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MORGART v. UNION MUT. LIFE INS. CO.

September 30, 1986

JAMES C. MORGART and FINANCIAL ECOLOGY, INC., Plaintiffs,
v.
UNION MUTUAL LIFE INSURANCE COMPANY, UNIONMUTUAL STOCK LIFE INSURANCE COMPANY OF AMERICA, and UNIONMUTUAL STOCK LIFE INSURANCE COMPANY OF NEW YORK, Defendants



The opinion of the court was delivered by: STERN

 Plaintiff, James C. Morgart, was general agent in the State of New Jersey for Union Mutual Life Insurance Company from 1971 until 1983. The agency agreement between Morgart and Union Mutual contains a provision giving each party the right to terminate on thirty days notice. Morgart alleges that this provision was modified by several written representations, confirmed orally, that the company would not terminate as long as Morgart met his minimum sales quotas. On November 1, 1983, however, Union Mutual announced that all such general agency contracts would be terminated as of December 31, 1983. Morgart alleges in this suit that the termination was in breach of his contract with Union Mutual, and adds claims for breach of a promise enforceable by application of promissory estoppel, fraud and misrepresentation, breach of a franchise agreement, breach of the duty of good faith and fair dealing, negligence, and unjust enrichment.

 Jurisdiction in this matter is based on diversity of citizenship. Morgart is a citizen of New Jersey. He is the sole shareholder and president of Financial Ecology, Inc., which for a time served as a vehicle for his relations with Union Mutual. Financial Ecology is a New Jersey corporation with its principal place of business in New Jersey. Union Mutual is a Maine corporation with its principal place of business in Maine.

 Union Mutual has moved to dismiss and also for summary judgment. I previously ruled on the motion to dismiss; I now find that I must deny the motion for summary judgment.

 The Choice of Law Issue

 Before I turn my attention to the summary judgment motion, however, there is a preliminary matter I must address. On June 16, 1986, I heard oral argument on a motion to apply the substantive law of New Jersey to this lawsuit. The motion was made in response to a March 21, 1986 order of Magistrate Ronald J. Hedges that unless such a motion was made, the substantive law of Maine would apply.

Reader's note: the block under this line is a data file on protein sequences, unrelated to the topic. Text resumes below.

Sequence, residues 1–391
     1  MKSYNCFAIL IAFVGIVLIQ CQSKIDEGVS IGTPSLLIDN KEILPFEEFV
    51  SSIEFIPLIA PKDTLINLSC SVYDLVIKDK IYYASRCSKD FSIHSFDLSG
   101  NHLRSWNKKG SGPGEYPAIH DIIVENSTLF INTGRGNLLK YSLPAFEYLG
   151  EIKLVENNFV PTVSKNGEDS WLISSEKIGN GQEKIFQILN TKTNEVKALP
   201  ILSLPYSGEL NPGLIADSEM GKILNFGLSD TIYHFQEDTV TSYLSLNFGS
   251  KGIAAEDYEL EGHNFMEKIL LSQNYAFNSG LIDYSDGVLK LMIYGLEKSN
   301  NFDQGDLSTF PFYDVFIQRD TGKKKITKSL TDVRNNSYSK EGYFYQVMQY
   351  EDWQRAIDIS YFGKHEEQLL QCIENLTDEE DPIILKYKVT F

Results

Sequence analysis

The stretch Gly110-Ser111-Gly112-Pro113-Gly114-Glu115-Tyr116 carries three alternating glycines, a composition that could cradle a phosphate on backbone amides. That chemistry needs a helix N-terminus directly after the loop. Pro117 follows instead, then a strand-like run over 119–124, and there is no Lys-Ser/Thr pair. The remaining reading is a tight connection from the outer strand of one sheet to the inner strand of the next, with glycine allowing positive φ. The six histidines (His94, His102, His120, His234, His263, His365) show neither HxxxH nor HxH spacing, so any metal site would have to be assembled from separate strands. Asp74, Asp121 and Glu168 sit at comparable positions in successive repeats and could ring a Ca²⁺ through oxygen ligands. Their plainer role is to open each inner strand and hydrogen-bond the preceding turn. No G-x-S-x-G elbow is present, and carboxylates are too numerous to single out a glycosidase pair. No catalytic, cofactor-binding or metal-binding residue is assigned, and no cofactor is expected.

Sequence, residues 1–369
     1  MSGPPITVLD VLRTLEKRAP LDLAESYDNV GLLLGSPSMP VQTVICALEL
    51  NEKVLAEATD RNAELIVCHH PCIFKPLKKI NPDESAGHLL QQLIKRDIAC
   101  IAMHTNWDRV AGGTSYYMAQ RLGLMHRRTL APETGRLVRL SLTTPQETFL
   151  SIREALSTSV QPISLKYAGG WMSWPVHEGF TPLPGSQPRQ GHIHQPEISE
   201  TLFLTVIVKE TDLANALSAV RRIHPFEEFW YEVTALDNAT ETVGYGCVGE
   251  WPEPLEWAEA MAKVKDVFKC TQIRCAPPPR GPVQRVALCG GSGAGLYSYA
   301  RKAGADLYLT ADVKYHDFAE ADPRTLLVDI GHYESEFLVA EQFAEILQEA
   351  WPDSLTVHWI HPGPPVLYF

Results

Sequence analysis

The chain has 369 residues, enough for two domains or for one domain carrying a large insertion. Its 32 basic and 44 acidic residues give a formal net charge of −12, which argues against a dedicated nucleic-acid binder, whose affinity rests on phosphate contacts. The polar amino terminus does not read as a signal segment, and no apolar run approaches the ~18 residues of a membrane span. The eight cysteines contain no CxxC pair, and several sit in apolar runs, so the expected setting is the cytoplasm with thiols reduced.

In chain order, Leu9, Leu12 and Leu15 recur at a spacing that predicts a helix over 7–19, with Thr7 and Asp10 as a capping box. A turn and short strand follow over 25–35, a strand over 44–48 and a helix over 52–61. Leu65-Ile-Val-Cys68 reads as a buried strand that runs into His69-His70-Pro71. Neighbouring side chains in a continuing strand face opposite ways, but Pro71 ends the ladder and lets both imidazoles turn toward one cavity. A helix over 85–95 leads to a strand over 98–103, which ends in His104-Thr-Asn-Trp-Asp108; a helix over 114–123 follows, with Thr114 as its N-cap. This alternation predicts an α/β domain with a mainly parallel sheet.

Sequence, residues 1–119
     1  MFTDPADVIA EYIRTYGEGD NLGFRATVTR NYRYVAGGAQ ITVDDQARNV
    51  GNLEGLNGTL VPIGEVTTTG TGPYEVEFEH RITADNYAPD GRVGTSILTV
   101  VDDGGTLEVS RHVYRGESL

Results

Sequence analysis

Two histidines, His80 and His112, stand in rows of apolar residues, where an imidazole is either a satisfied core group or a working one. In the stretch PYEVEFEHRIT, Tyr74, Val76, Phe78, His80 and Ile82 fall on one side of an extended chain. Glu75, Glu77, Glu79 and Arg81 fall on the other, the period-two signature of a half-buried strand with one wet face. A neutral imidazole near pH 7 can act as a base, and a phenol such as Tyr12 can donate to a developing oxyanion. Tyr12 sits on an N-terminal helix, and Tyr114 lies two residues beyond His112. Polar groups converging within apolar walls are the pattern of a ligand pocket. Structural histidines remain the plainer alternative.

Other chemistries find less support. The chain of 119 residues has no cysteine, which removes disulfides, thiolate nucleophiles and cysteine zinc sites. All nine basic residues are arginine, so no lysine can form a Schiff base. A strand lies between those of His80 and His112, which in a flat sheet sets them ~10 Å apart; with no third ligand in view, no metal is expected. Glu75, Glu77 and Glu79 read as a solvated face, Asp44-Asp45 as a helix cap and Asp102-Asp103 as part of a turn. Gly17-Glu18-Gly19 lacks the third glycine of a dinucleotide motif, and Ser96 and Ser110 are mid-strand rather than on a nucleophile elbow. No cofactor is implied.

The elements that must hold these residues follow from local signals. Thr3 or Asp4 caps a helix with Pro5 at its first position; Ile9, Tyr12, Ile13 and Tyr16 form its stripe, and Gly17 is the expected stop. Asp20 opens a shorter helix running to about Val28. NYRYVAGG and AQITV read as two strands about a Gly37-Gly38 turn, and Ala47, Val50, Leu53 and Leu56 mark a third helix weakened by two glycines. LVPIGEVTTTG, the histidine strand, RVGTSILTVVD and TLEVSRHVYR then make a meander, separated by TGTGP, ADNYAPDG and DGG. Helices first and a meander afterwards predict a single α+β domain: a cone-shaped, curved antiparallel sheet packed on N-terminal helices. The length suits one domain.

At argument I observed that neither party had pointed to a difference in the laws of Maine and New Jersey as they applied to this case. Applying the choice-of-law principles of the forum state, Klaxon Co. v. Stentor Electric Mfg. Co., 313 U.S. 487, 85 L. Ed. 1477, 61 S. Ct. 1020 (1941), I denied the motion as premature, without prejudice to renew should a true conflict emerge. Rohm and Haas Co. v. Adco Chemical Co., 689 F.2d 424, 420 (3d Cir. 1982) (in cases of false conflict, "New Jersey conflicts of law rules permit the resolution of the case without a choice between the laws of the two states."); State Farm Insurance Company v. Simmon's Estate, 84 N.J. 28, 41 n.1, 417 A.2d 488 (1980) (if the same result would obtain by application of law of different states, "there would be no actual conflict of law between the two states, obviating the necessity to choose between them.")

 On August 13, 1986, Magistrate Hedges entered an order that "until the parties concretely establish a different outcome resulting from the application of a particular forum's choice of law, the law of Maine shall continue to govern the action, as per my Order of March 27, 1986."

 The Magistrate's order of August 13 was not made in connection with a "matter pending before the court," nor did I designate Magistrate Hedges to make any determination in regard to the choice of law issue. Under the Magistrate's Act, 28 U.S.C. § 636(b)(1)(A), therefore, Magistrate Hedges had no jurisdiction to enter his order of August 13, In re Morrissey, 717 F.2d 100, 102 (3d Cir. 1983).

 In order to clarify the record on this matter, I will vacate Magistrate Hedges' order of August 13, 1986, as having been entered without jurisdiction. I reiterate my decision of June 16: unless and until a true conflict arises, I will decide this matter in accordance with legal principles accepted by both Maine and New Jersey.

 The Motion for Summary Judgment

 Union Mutual moves for summary judgment on two grounds. First, it argues, Morgart was not terminated, but accepted early retirement voluntarily. Second, it points to an agreement entered into between Morgart and Union Mutual on January 3, 1984, and asserts that any surviving rights under Morgart's general agency agreement were merged into that agreement and have been extinguished.

 I. Voluntary Retirement

 Morgart learned on November 1, 1983 that his general agency contract was to be terminated on December 31, 1983. Before the termination date, Morgart requested and was approved for "early retirement," which was one of several options offered to the terminated agents, and which, Morgart claims, would have been available to him whether or not his agency had been terminated. The other options included continuing agency relationships with the company under new terms.

 As a result of his early retirement, Morgart was eligible for and on December 15, 1983 entered into a "Floored Commission Lending Agreement," or "Floored Oates" Agreement, with Union Mutual. The Floored Oates Agreement sets up an annuity account funded by the commission payments due to Morgart on insurance he had sold. It guarantees him a ...


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